Mark Goodson is a very active member of our SHAIR Recovery group, and it’s about time we had him on to tell us his wild story. His life of addiction started before he ever took his first drink and eventually triggered an episode of drug induced psychosis that led him to bizarre behavior, like stripping down naked in a Mexican church.
Now Mark Goodson’s a sober husband, dad, and writer at his website called The Miracle of the Mundane. Merriam-Webster defines the word ‘mundane’ as dull, but Mark finds ordinary life to be a miracle, and his sobriety has unleashed his creativity on a whole new level.
CLEAN DATE: October 13th 2007
Listen to Mark’s story!
Here are a few highlights from our interview. To get the full story please join us on the podcast now!
Mark remembers thinking like an alcoholic before ever drinking. He was at the local deli waiting for food. As he swiveled on his stool, he looked around at all the people. What he felt was envy, a sick desire that he wanted to be anybody but himself. He even envied the bum begging for change. It seemed they knew what they were supposed to be.
I had this feeling I was unfit for the world, unfit for my own skin.
That’s the mindset he had when he took his first drink. He was at a sleepover when he was ten years old, and he and his friend raided the liquor stash. They replaced the clear booze with water and mixed up a variety of highballs. His friend knew when they had had enough and told Mark that it was time to stop. But Mark said it was not enough. He walked in a straight line and told his friend that if he could still walk then he wasn’t drunk yet.
The next thing he remembered was waking up in the basement with a Nintendo controller imprinted on his forehead. His friend told him all these things he couldn’t remember. You’d think that would scare a kid, but Mark felt like he finally succeeded in getting out of himself. He could take a break from being Mark. He thought it was an amazing solution to life.
Alcohol worked spiritual wonders in my life.
Mark suffered the consequences throughout high school, but he found the secret to getting away with it. If he buckled down during the week in school and sports, people wouldn’t be concerned about him. He would make it to Friday night and then let it all go into oblivion. As long as he took care of his business, he’d be able to have his escape.
But Mark didn’t last long after college. He went out to LA to be a screenwriter and became part of the Hollywood lifestyle that would finish him off. He lasted a year, sleeping on couches, going through bouts of depression. Sometimes, he didn’t want to go anywhere or see anybody. He’d be alone drinking heavily and afraid to move. Eventually he’d snap out of it and it would be party time again, but inside he was running scared, oblivious to what he was doing to himself.
Soon, the weed he was smoking wasn’t helping him be creative anymore. The cocaine wasn’t making him social anymore. The shot of bourbon didn’t put him to sleep anymore. It all stopped working. He didn’t enjoy getting high anymore, yet he couldn’t stop using.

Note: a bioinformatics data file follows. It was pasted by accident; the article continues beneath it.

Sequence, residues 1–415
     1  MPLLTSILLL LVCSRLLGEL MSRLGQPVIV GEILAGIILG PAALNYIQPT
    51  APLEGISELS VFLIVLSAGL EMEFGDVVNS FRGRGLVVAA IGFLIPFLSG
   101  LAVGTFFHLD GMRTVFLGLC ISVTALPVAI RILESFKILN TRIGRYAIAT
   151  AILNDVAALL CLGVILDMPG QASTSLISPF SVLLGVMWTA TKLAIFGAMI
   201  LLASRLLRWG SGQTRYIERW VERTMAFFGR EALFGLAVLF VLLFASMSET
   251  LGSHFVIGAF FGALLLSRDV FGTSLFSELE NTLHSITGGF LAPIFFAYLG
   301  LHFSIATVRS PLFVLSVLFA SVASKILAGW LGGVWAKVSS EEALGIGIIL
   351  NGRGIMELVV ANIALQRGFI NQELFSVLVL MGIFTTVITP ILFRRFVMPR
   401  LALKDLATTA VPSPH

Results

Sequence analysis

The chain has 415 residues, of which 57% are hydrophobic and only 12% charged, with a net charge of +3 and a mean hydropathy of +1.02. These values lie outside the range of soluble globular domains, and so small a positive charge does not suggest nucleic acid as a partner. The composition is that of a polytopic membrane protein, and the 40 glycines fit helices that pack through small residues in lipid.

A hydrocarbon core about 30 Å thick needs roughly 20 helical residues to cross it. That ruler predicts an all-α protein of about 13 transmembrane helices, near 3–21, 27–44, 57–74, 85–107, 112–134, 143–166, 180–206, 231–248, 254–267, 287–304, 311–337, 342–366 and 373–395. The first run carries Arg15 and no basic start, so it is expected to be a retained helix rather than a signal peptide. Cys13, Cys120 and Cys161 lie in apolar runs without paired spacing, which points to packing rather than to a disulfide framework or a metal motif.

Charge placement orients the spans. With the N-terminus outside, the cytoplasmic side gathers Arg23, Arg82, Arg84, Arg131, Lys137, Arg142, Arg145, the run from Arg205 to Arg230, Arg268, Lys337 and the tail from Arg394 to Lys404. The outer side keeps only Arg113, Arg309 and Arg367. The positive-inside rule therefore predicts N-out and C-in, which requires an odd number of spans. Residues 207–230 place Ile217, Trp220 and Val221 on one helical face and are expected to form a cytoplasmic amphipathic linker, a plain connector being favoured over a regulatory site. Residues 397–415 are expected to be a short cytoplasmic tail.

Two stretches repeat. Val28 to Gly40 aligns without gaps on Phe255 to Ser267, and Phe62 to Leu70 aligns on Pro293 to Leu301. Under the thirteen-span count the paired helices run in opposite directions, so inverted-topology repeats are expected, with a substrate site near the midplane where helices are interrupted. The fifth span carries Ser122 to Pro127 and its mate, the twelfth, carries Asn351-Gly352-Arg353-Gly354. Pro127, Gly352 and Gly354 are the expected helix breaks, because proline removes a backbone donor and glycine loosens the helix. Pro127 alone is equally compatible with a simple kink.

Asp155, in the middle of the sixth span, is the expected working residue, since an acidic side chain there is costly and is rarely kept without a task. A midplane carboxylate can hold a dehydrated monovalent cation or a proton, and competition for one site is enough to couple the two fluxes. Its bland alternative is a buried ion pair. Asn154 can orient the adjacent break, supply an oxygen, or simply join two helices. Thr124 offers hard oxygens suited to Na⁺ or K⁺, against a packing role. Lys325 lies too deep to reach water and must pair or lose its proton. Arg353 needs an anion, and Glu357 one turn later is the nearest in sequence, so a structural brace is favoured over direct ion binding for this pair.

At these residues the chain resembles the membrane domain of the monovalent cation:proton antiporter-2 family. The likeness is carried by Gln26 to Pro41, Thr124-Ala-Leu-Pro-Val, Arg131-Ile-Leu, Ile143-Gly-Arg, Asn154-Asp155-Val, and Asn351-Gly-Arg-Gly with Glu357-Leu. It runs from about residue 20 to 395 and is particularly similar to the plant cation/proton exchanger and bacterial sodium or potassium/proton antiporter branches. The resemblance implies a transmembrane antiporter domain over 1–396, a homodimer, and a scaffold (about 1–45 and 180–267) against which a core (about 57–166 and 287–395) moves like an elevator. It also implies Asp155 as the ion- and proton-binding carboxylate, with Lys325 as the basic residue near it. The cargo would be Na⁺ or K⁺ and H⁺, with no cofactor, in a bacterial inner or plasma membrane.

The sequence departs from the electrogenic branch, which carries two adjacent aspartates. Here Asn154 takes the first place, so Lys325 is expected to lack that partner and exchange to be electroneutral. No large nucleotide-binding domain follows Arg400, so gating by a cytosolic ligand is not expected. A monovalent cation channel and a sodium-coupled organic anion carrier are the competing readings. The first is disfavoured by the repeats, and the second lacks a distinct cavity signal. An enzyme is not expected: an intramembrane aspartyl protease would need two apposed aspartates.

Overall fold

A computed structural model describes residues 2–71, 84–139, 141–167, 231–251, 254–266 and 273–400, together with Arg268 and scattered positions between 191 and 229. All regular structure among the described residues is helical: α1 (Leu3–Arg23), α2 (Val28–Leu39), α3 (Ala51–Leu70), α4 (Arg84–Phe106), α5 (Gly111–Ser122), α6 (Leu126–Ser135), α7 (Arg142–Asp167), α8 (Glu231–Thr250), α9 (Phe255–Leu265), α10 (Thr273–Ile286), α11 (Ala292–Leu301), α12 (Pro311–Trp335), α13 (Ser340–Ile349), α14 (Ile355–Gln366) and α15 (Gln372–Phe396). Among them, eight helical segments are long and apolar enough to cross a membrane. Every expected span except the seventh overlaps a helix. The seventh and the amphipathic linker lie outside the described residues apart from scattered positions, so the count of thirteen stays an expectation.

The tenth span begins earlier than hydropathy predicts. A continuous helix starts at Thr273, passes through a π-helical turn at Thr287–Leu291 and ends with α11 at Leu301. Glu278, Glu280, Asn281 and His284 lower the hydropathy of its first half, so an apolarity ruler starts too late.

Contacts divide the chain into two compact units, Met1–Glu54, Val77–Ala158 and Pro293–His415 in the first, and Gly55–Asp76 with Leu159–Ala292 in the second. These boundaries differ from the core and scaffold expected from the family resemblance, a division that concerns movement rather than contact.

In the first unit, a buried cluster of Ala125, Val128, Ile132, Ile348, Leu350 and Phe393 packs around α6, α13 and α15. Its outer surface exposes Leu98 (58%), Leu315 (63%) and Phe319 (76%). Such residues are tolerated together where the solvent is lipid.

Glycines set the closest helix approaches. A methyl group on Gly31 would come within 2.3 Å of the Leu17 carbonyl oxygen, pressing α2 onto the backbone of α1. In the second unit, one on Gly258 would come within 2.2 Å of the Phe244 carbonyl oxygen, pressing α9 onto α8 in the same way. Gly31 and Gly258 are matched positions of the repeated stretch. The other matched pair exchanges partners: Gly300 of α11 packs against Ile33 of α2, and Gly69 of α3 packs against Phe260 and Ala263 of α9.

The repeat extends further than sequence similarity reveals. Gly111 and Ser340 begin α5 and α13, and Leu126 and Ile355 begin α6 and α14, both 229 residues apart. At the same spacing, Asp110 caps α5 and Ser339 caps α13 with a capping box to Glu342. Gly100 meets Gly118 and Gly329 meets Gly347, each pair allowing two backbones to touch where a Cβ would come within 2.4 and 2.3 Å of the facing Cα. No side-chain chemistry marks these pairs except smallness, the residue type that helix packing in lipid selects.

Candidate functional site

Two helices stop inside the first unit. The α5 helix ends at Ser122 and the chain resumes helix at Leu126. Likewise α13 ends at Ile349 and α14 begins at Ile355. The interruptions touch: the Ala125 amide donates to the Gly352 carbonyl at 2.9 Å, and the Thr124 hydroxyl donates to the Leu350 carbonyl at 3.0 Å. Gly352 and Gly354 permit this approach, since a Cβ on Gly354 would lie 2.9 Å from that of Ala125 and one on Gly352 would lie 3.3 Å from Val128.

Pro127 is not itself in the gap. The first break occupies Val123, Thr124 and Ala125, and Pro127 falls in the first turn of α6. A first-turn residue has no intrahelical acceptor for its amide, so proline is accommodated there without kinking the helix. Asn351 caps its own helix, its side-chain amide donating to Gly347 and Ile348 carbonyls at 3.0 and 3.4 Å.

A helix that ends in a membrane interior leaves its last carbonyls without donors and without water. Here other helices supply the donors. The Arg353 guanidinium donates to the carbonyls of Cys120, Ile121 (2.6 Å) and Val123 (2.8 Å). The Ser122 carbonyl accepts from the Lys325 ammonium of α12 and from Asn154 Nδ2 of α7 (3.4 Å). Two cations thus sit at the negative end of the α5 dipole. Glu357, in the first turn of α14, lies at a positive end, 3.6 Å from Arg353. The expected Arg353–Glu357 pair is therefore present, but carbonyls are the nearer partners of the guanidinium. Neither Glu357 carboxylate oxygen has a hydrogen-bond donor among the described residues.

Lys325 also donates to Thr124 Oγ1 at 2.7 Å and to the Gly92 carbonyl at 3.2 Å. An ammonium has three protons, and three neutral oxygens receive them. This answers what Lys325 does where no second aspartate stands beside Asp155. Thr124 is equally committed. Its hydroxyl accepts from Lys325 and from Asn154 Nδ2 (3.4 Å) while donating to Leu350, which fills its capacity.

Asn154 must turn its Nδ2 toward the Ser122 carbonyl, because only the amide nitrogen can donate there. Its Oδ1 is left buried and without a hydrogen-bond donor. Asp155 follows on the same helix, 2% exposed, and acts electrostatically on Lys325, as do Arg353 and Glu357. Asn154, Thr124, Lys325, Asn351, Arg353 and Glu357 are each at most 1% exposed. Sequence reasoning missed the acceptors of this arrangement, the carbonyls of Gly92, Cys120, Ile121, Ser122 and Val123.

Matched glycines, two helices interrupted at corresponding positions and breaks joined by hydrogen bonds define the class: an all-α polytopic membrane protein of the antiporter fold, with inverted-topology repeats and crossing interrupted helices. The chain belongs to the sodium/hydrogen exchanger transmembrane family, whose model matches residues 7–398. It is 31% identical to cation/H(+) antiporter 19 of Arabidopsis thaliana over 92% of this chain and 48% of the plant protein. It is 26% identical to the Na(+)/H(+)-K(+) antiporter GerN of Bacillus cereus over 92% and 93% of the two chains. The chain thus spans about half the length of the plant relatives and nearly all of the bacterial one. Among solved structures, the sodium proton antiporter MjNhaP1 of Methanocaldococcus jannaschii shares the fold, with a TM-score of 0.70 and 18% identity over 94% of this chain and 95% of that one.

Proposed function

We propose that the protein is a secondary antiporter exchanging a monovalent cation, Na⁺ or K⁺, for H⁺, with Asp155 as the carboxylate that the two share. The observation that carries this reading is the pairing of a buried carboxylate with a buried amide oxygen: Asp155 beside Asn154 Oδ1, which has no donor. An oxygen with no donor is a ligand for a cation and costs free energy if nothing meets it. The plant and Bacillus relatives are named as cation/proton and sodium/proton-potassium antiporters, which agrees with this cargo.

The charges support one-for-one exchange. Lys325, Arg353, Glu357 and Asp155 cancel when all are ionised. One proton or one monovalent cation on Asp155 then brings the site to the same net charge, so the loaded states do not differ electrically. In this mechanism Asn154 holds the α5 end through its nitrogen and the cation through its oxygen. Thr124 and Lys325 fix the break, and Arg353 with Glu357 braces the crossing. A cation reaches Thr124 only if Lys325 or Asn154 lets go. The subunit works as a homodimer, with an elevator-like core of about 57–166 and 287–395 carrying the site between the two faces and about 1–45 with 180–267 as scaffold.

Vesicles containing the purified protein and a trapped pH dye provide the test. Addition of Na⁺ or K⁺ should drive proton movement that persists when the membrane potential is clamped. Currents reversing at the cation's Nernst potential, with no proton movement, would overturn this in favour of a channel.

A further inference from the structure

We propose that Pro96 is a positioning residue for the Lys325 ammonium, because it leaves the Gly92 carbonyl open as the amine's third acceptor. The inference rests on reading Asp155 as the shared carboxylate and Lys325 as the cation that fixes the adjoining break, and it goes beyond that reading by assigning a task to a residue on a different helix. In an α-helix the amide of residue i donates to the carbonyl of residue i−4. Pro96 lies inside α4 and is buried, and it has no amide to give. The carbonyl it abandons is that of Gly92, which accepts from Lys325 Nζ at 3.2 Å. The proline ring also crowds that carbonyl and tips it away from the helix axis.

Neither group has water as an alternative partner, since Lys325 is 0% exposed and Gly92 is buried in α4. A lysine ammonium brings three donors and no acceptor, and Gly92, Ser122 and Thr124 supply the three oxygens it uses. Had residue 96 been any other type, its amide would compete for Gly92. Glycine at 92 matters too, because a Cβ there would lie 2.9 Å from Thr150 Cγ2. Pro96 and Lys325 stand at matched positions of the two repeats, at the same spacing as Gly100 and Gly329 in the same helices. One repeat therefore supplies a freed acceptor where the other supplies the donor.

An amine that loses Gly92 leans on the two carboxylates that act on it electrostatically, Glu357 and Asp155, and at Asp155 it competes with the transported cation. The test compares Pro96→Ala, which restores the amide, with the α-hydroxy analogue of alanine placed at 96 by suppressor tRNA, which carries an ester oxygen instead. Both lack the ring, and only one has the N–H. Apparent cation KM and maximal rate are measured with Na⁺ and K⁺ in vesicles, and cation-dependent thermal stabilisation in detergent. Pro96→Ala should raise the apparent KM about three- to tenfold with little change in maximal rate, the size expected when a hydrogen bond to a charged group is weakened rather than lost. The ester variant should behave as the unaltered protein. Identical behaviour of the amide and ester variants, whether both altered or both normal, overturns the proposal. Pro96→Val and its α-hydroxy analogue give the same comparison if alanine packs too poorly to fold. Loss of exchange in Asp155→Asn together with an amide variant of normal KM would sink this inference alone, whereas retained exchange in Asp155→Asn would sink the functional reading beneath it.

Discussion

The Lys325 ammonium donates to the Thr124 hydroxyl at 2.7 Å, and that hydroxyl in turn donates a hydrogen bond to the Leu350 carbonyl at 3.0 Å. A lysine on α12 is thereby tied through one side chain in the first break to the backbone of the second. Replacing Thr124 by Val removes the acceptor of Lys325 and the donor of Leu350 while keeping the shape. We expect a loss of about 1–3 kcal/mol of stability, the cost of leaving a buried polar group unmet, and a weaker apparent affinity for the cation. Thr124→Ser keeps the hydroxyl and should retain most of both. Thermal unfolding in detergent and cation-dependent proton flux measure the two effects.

A friend of his intervened, picked him up, and took him away from LA. But Mark suffered a drug induced psychosis and had to go into a psychiatric facility. From there he was sent to a 28-day rehab.
Mark still felt like there was nothing wrong with him. He would not admit he was an alcoholic or addict.
Three days into treatment, he was handed a sheet of paper with a prayer printed on it called Slow Me Down Lord. For all his pride and denial about his problem, he was in such bad withdrawal the letters floated around and he couldn’t even read. He couldn’t turn a blind eye anymore. He finally said, “My name is Mark, and I’m an alcoholic.”
In that moment, he felt a relief that alcohol and drugs could never give him. He always tries to keep that moment in the front of his mind in his new life in sobriety.
You have to surrender to win.
What kept Mark from getting clean?
Denial. The poker face. “I don’t have a problem. Everyone else has a problem.”
Mark always sorted things out alone, but sobriety is not something people can do alone. It was a long hard lesson for him to learn.
That aha moment
MarK was stubborn even after he surrendered to recovery. He went through a routine to avoid tougher parts of the 12 Steps. After meetings he’d chain smoke, saying “I need to find a sponsor. I need to find a sponsor.” Whenever he started working with somebody new, he’d get stuck. He’d invent excuses of why it was not going to work out with that particular sponsor instead of facing the inevitable.
Then one sponsor simply said:
“Sooner or later, you have to do the work.”
This repeated like an earworm in Mark’s head. He couldn’t get away from it. Finally, he gave in, and it didn’t take long for him to realize that the hard work made him feel really good.
Mark remembers a phrase he heard early on in recovery:
You can’t think yourself in to a new way of acting. You have to act yourself into a new way of thinking.
You have to get active. Do something. You can’t just let those thoughts swallow you whole. The best way to do that is be of service. Seeing what other people are going through gets us out for our own heads.
Suggestion for newcomers
The first drink gets you drunk. Don’t pick up. Go to a meeting. Call somebody.
See you then!
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Disclaimer – The opinions shared on this show reflect those of the individual speaker and not of any 12 step fellowship as a whole and though we discuss 12 step recovery and the impact it has had in our lives we do not promote or endorse any 12 step anonymous program.